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This DIY lift top coffee table can be customized to the size of your liking and will be the centerpiece for your living room.
So this post is way overdue, but about a year ago, yes a year, a colleague of mine had asked if I could make her a lift top coffee table. She had an old one that she wanted to be replaced. She wondered if I could use the lift top coffee table and then build a modern one that was similar to one she liked at Amazon.
I said yes but I'm not going to lie, I was a little nervous. First of all, I had never made anything modern looking. Everything to this point had been farmhouse style. But more importantly, I had to build this coffee table from scratch. I couldn't use someone else's directions to make it. I had to design it on my own. Needless to say there was quite a bit of work involved in this but I couldn't be happier with how it turned out.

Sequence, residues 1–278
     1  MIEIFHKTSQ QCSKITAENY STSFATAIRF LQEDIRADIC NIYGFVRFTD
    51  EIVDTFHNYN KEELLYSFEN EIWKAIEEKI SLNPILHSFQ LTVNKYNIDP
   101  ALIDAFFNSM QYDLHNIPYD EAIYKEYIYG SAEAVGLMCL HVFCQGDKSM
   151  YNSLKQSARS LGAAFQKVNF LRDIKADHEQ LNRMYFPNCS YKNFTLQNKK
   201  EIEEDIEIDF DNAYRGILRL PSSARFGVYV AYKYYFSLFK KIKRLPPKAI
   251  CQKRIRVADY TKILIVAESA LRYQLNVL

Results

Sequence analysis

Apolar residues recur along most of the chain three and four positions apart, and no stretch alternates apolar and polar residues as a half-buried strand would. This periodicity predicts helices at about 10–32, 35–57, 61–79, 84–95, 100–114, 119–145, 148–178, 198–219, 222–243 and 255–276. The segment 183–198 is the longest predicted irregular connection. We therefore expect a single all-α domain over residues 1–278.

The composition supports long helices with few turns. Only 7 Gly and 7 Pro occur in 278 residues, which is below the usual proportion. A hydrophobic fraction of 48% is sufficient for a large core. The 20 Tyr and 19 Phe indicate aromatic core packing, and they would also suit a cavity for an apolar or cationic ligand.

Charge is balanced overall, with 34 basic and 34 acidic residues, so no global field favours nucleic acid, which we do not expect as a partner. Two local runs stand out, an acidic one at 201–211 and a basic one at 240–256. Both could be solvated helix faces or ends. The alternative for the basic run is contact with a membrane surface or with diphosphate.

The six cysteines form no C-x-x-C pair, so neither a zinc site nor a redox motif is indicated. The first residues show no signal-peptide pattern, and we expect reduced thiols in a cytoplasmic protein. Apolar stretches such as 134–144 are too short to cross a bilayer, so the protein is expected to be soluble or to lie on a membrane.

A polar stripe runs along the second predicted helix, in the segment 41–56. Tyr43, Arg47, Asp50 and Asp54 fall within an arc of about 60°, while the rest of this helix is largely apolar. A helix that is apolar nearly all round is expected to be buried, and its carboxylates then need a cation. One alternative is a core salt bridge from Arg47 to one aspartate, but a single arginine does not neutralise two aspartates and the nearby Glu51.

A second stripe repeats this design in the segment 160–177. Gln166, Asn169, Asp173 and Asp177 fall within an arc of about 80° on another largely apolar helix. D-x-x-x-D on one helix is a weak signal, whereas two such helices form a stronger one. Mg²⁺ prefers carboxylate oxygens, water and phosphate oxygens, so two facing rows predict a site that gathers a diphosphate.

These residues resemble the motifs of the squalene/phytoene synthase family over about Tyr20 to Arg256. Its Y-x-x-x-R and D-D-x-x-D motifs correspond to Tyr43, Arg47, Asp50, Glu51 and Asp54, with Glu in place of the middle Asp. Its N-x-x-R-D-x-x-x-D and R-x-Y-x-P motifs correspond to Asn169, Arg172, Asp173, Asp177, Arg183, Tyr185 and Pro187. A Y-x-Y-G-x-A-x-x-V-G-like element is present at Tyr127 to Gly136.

I wanted to use hardwood that I had never used before but could take stain really well, so I settle on ash. Now if you're inspired to make this yourself, you don't have to use ash but it's very important to use hardwood. The other thing is I didn't have to buy a lift top mechanism. I just used the one from her old coffee table and then build this one around it. But if you're looking for other DIY projects, check out some of my other posts.
DIY Lift Top Coffee Table Shopping List
- 4 - 1x8" @ 8 ft ash
- 1 - ¾" plywood (4x4 ft)
- Wood glue
- 1 ¼″ pocket-hole screws
- 8" hairpin legs
- Lift top table mechanism
- Stain or paint
- (6) – 1×8 @ 39″ ash
- (4) – 1x8 @ 24" ash
- (1) – plywood 37 ½" x 24"
How to Make a DIY Lift Top Coffee Table
Make all cuts listed above. If your ash isn't ¾" thick, then put through planer to make desired thickness.
Using table saw, cut 4 of the 39" 1x8 pieces of ash to a width of 6 ⅜". If your other 2 pieces of 39" 1x8 ash aren't at 7 ¼" wide, then cut those to 7 ¼" wide.
Drill pocket holes using Kreg Jig on each end of the two pieces of 1x8 @ 24" ash. Drill pocket holes in bottom of piece of plywood.
Place two 1x8 @ 39" ash that are 7 ¼" wide and two 1x8 @ 24" ash around plywood as plywood is floor. Using glue and pocket holes screws, put it together. Clamp for 30 minutes to make sure glue sets.